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Lerala
Lerala is a village in Central District of Botswana. The village is located at the south-eastern end of the Tswapong Hills, 30 km (19 mi) from the Limpopo River and the border with South Africa and approximately 90 km (56 mi) east of Palapye. The population of Lerala was 6,871 in the 2011 census, which was a 20.5% increase from the 2001 population.[1][2] An Australian company, DiamonEx Limited, opened a diamond mine 15 km (9 mi) north-west of the village
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Central District (Botswana)
Central is the largest of Botswana's districts in terms of area and population. It encompasses the traditional homeland of the Bamangwato people. Some of the most politically connected Batswana have come from the Central District, including former President Sir Seretse Khama, former President Festus Mogae, and former President Lt. General Seretse Ian Khama. The district borders the Botswanan districts of Chobe in the north, North-West in the northwest, Ghanzi in the west, Kweneng in southwest, Kgatleng in the south and North-East in the northeast, as well as Zimbabwe also in the northeast (Matabeleland North and Matabeleland South Provinces) and South Africa in the southeast (Limpopo Province). As of 2011, the total population of the district was 576,064 compared to 501,381 in 2001. The growth rate of population during the decade was 1.40. The population in the district was 28.45 per cent of the total population in the country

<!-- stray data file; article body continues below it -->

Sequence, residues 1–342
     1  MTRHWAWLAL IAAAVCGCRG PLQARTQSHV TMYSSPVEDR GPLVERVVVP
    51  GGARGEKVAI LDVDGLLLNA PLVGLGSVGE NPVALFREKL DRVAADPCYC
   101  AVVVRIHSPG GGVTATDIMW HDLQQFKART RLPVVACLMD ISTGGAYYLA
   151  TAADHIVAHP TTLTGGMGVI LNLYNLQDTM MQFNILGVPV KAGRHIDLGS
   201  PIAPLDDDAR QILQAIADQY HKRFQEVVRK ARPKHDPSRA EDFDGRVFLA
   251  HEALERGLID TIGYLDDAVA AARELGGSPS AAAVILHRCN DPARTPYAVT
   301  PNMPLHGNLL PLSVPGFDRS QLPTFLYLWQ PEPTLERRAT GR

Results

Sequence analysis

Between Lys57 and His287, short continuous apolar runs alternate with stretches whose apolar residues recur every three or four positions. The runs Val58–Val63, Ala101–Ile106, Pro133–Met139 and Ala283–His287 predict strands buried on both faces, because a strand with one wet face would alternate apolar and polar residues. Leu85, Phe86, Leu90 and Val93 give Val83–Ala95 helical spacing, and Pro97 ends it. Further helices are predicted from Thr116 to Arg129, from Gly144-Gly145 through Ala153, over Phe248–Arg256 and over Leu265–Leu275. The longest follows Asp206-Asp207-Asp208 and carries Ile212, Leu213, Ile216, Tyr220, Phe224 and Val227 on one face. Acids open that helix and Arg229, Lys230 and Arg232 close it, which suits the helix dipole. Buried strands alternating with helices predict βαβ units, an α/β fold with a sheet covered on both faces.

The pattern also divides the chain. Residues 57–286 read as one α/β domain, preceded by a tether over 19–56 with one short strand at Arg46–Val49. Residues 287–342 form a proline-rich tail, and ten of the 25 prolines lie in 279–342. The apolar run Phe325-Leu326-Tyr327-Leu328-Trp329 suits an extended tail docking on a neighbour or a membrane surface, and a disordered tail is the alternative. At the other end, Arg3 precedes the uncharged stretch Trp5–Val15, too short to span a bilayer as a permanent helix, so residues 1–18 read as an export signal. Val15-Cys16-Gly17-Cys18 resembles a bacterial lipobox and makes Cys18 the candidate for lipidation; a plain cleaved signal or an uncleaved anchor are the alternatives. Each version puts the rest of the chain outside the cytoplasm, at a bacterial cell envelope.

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Mmadinare
Mmadinare is a village that is located in the Central District of Botswana, 15 kilometers from Selibe Phikwe. The village is slowly growing into a town, with a population estimate of about 13 000 (estimates from the 2004 census) people of different tribes including Bangwato, Batalaote, Babirwa, and others. Mmadinare is located in the center of hills; like other villages in Southern Africa it was started during wars and hills were used as a form of protection from enemies, as they were able to see them from a distance. Motloutse River passes on the northern part of the village called, which supplies the Letsibogo Dam with water, on its way to Shashe River down further east
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Limpopo River
The Limpopo River rises in South Africa,[1] and flows generally eastwards through Mozambique to the Indian Ocean. The term Limpopo is derived from Rivombo (Livombo/Lebombo), a group of Tsonga settlers led by Hosi Rivombo who settled in the mountainous vicinity and named the area after their leader. The river is approximately 1,750 kilometres (1,087 mi) long, with a drainage basin 415,000 square kilometres (160,200 sq mi) in size. The mean discharge measured over a year is 170 m3/s (6,200 cu ft/s) at its mouth.[2] The Limpopo is the second largest river in Africa that drains to the Indian Ocean, after the Zambezi River.[citation needed] The first European to sight the river was Vasco da Gama, who anchored off its mouth in 1498 and named it Espirito Santo River
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